Don’t Throw Away the Scales

There’s one piece of advice that often gets thrown around that is flat out wrong. That is the advice of telling people to throw the scales away when seeking to lose weight.

Usually at this time of year gyms are filled with people wanting to shed a few pounds after their holiday excesses. Nothing wrong with that, but there’s one piece of advice that often gets thrown around that is flat out wrong. That is the advice of telling people to throw the scales away when seeking to lose weight.

Imagine walking past a building site and asking the foreman what they were building or how long they had until completion and he had no idea? The reason they know where they are in the process all the time is because they have a plan. They check and reassess daily to make sure they are moving in the right direction, to measure what they’ve so far accomplished, and to assess what they need to accomplish before finishing. The advice to throw away your scales isn’t as bad as asking you to throw away your plan, but it is like asking you to work blindfolded each day.

Why People Tell You to Throw the Scale Away

The advice to throw away the scales is based on one thing: that scales don’t accurately reflect the changes going on inside the body during weight loss. That’s completely correct. During the start of the process there will be changes in body mass reflected by the scale due to water loss, fat loss, and then muscle gain while fat is concurrently being lost.

One of the things many people will tell you is to just use the mirror. If what you see makes you happy, then you’re on the right track, and if it doesn’t, then you need to adjust. But in reality, that only works for competition bodybuilders and people who have their diet pretty much down and can micro-adjust each day. In my experience, those people are usually already pretty lean and have a solid grasp of diet basics. (And like with all things, it’s the basics you should really pay attention to.)

Why the Scale is a Powerful Tool

One of the things to get in your head about diet and fat loss is that if you really want to be lean (and you don’t work out like Michael Phelps), then you need to be focused on what goes into your mouth all the time. That’s not an exaggeration. While there are some genetically gifted people who can get away with eating poorly and still look lean, the majority of us need to stay focused 24/7/365 if we plan on having our abs on display. Keeping a method of accountability on hand all the time is one of the best ways to do that.

In Four Hour Body, Tim Ferriss uses two great examples of constant accountability to help people achieve weight change success – the story of Rammit the trash talker and the “lazy” Phil Lebin.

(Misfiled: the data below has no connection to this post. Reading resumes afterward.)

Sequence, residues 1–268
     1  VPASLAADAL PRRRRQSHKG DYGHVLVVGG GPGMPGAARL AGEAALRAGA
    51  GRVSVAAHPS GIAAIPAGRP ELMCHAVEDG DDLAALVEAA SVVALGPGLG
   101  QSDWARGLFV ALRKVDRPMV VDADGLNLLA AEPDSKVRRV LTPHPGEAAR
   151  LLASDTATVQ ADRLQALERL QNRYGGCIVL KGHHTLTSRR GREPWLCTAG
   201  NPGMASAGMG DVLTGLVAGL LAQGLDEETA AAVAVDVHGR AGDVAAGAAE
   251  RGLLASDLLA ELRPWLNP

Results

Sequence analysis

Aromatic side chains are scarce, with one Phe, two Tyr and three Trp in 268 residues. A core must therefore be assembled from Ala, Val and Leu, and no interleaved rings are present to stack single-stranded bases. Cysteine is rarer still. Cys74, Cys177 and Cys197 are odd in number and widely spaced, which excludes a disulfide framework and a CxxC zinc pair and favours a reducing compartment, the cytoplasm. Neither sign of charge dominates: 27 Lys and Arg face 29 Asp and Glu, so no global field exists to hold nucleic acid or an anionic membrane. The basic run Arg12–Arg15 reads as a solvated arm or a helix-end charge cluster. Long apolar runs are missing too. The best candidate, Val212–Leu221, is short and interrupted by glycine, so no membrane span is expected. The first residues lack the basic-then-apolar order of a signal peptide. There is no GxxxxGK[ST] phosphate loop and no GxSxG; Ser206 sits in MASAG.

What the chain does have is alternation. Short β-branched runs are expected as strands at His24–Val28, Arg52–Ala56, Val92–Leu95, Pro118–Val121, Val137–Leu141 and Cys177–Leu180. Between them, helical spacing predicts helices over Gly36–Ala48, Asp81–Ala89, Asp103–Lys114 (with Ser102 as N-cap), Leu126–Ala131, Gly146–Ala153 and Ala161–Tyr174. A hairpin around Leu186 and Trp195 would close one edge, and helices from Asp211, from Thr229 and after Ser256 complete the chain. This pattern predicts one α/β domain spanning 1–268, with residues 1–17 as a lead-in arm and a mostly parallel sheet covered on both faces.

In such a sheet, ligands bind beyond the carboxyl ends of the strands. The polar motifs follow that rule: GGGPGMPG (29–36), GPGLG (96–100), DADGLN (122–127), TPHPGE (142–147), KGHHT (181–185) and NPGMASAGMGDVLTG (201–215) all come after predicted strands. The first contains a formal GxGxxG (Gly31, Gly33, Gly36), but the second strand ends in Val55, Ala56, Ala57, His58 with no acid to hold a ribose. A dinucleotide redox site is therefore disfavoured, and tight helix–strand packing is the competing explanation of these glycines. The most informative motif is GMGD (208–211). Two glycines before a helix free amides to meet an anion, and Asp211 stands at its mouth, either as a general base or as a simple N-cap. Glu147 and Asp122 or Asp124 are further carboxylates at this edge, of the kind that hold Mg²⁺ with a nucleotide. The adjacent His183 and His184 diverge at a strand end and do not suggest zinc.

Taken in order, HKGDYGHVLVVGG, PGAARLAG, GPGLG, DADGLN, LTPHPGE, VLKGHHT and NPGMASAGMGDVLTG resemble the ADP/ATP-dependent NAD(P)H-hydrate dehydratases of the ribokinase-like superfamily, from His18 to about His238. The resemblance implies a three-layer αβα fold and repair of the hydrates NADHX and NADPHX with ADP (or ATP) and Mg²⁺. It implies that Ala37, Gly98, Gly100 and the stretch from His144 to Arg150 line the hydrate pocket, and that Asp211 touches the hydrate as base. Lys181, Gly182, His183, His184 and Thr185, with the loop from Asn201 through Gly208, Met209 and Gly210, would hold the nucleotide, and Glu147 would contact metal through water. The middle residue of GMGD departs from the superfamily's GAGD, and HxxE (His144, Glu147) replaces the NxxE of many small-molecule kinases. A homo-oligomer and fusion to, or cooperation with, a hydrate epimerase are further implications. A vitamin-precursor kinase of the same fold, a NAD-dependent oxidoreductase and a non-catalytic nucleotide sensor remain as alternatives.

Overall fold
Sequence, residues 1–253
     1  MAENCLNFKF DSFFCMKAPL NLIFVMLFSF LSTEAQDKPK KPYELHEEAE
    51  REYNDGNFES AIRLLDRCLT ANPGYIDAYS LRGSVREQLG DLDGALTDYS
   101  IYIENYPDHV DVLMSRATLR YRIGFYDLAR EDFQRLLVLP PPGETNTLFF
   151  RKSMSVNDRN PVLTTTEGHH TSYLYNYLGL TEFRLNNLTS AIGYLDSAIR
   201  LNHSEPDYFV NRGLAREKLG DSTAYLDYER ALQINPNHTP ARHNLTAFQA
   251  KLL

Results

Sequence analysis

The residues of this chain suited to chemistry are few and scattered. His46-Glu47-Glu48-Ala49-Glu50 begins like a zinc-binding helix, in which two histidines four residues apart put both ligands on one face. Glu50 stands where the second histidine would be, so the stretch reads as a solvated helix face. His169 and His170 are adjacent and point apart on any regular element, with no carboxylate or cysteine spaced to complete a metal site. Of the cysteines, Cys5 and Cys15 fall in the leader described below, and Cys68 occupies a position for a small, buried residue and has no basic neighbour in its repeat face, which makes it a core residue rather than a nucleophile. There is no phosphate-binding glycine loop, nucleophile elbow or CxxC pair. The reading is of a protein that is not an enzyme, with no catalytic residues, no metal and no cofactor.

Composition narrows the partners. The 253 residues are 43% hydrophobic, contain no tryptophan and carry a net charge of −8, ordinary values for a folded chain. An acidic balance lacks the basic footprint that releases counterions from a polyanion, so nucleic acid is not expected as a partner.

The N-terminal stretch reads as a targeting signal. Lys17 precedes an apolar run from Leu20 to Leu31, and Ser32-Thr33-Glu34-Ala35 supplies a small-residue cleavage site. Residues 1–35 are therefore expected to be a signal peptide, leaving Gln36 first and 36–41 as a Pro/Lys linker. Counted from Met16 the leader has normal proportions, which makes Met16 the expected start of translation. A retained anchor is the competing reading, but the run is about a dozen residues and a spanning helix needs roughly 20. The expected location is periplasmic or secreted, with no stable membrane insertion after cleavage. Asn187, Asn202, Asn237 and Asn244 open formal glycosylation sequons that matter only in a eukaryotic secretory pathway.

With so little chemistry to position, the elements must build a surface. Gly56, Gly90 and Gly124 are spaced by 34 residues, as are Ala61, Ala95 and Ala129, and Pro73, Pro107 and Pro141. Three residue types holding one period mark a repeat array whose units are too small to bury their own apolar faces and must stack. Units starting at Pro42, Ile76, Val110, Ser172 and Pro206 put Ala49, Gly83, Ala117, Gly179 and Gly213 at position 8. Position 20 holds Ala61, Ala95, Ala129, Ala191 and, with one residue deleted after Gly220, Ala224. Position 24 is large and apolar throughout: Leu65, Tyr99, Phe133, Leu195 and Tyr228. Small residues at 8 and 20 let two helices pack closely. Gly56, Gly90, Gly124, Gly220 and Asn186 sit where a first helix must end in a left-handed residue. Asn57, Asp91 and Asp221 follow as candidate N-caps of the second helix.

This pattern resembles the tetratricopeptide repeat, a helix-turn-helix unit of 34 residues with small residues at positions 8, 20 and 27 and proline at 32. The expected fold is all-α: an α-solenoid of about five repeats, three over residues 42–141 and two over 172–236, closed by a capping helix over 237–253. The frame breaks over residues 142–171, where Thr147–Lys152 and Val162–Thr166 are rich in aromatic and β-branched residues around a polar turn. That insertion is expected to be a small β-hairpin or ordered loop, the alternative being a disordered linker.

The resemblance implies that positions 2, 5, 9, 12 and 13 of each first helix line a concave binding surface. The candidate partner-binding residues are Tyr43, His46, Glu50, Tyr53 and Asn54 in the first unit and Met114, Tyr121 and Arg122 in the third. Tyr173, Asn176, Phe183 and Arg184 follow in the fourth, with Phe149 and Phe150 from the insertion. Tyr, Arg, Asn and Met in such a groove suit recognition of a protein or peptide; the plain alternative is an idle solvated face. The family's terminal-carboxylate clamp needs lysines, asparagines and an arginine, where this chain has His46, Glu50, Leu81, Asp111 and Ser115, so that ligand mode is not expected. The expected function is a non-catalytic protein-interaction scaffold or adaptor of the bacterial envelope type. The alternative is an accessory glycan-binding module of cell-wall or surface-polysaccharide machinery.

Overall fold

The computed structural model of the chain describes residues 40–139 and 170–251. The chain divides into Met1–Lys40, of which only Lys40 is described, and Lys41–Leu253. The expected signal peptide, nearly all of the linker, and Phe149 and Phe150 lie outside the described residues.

Rammit began his journey with one simple trick to keep him going – he openly and publicly talked trash to a group of friends who bet him he couldn’t gain fifteen pounds in three months. He did some other stuff, too, like ignore every single one of his well-meaning friends who tried to tell him about lipids, insulin timing, and any other thing they thought might have helped. But the essence of his success came down to a couple of simple guidelines:

  • Eat more
  • Train more
  • Tell the entire world what you are planning to do so that the thought of failure heavily outweighs having to stick to the plan. (There was a bet involved in this, as well, so the money also helped keep him on track).

The second case, that of Phil Lebin, is an even simpler look at staying on track. He simply created a graph of his bodyweight that followed a downward trend by 0.1% daily. He added two more lines to the graph, indicating the maximum and minimum allowed weights each day. Instead of trying to stay on the expected line, he merely aimed to keep between the maximum and minimum lines. During the two years he ran this experiment on himself, he didn’t change his exercise or eating habits at all. Just checking his weight daily and being aware that he would have to weigh himself the next day were enough to keep him on track. He lost 35 pounds over a two-year period that included zero exercise.

The lesson here is clear – the key to weight change is accountability. Some people may be able to muster the self-discipline to do it themselves and will be able to follow a system like Phil’s and self-monitor. Others will need some social support to do their best. This social support can be either the support of a group of people or it can be in response to a challenge by a group of people, as was Rammit’s case. But the end result is the same – weight loss is about accountability.

So don’t throw the scales away. They are the single easiest tool you have at your disposal to track your weight changes. Measure daily at the same time (most suggest before breakfast, but after going to the bathroom) to make sure your measurements are consistent and don’t be shy about getting others involved in your journey.

Photos courtesy of Shutterstock.

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